Student Loans - Which Type is Which

Many use student loans, issued by the federal government and private institutions, to help fund college related fees, such as tuition and room and board. To apply for federal financial aid, the applicant must fill out and submit the Free Application for Federal Student Aid (FAFSA). The FAFSA, submitted annually by current and matriculating undergraduate and graduate students, determines need-based financial aid eligibility for loans, grants and work-study programs. If an applicant is deemed eligible for federal aid, then the student can receive federal grants as well as loans. Most federal government loans do not require credit checks or collateral.

Need-Based Financial Aid

Stafford loans, a federal loan issued and backed by the federal government, can help students pay for college. Stafford loans are usually dispersed and administered through the college. The maximum loan amounts dispersed for Stafford Loans vary based on the grade level of the student. If a student elects to use Stafford Loans to finance their college education, they will pay interest on the principal. The loan will either be subsidized or unsubsidized, depending on financial need. With subsidized Stafford loans, interest is paid by the federal government until the student graduates or separates from the college and the loan-repayment period begins. With unsubsidized loans, students pay the interest while they are in college, although students usually can defer payments until after graduation. If the student elects to defer payments until graduation, the principal will continue to rise. Repayment usually begins 180 days after graduation or separation from school.

Perkins loans, also administered and backed by the Federal Government, are awarded to students with special financial need. Under the Perkins Loan, the federal government pays the interests while the student attends school. Students can borrow up to $4,000 for each year of undergraduate study for up to 5 years. The amount the student receives depends on demonstrated financial need, the level of funding and cost of attendance at the participating school. The interest rate is set at 5% and the repayment period is 10 years.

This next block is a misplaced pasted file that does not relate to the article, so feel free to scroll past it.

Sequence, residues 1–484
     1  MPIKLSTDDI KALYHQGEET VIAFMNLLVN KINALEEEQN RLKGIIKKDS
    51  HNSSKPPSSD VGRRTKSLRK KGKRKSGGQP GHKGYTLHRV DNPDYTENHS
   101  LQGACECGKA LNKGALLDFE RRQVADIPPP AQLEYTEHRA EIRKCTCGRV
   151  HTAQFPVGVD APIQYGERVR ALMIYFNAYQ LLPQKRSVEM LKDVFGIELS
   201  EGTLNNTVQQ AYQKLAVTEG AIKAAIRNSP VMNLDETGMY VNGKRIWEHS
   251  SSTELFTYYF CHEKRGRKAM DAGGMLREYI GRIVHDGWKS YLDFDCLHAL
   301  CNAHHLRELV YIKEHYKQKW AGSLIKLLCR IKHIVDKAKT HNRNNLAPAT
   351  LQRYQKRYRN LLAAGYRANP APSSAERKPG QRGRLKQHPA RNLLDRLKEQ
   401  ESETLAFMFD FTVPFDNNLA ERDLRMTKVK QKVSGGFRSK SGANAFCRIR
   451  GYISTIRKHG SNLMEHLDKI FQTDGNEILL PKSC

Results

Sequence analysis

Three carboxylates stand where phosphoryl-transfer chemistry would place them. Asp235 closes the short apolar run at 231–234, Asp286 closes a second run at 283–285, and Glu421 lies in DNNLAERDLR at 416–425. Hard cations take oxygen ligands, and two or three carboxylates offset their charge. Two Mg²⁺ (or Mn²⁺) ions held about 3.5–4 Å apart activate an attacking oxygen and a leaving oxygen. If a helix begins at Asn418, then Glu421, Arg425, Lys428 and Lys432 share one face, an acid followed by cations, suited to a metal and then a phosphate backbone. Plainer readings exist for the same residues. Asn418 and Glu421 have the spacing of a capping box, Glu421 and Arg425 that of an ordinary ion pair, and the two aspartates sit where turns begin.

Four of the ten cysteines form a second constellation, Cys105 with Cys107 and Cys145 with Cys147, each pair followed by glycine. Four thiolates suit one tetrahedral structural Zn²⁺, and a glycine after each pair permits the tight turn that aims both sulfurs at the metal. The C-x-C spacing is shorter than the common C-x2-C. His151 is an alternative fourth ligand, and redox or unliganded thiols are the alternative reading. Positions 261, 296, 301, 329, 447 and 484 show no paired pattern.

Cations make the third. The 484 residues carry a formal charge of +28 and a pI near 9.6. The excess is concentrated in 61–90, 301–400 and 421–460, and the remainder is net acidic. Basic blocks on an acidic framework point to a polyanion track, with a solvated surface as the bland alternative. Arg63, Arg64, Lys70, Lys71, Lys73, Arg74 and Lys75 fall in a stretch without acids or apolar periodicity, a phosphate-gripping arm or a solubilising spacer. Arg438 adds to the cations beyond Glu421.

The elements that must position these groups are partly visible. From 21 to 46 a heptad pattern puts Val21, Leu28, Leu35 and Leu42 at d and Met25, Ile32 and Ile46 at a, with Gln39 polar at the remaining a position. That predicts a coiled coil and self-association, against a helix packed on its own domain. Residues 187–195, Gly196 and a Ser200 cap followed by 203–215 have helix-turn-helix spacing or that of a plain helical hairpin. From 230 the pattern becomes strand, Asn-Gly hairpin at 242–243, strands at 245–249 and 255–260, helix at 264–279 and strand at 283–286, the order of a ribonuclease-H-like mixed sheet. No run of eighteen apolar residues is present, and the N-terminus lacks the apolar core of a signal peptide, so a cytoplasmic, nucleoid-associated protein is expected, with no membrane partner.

Federal Work Study Program: Federal Work-Study program is a campus-based program, which is administered directly by the financial aid office of the college. Federal Work-Study provides hourly part-time jobs for undergraduate and graduate students with demonstrated financial need. Students can earn money to help pay education expenses, such as books and fees.

Non-Need Based Financial Aid

The government also provides non-need based financial aid to parents and graduate school students. The PLUS Loan program, a non-need based aid program, is offered to the parents of students enrolled at least half time in college at eligible institutions. For PLUS Loans, the parent must complete an application and promissory note, outlining terms of repayment. Parents must begin paying the loan after 60 days of disbursement. Additionally, the Grad PLUS program is now available for graduate and professional students, allowing students to borrow to finance their educations.

Credit-Based Loans

The student can apply for unsecured credit-based loans, if they did not receive enough money through the federal government. Private education loans, offered by private banks and financial institutions, are usually based on the applicant's credit score, which may mean that students will need a cosigner.

There are several ways a student and parent can pay for college. The federal government, along with private institutions, offers loan programs to help finance the rising cost of college, making college accessible to most students.

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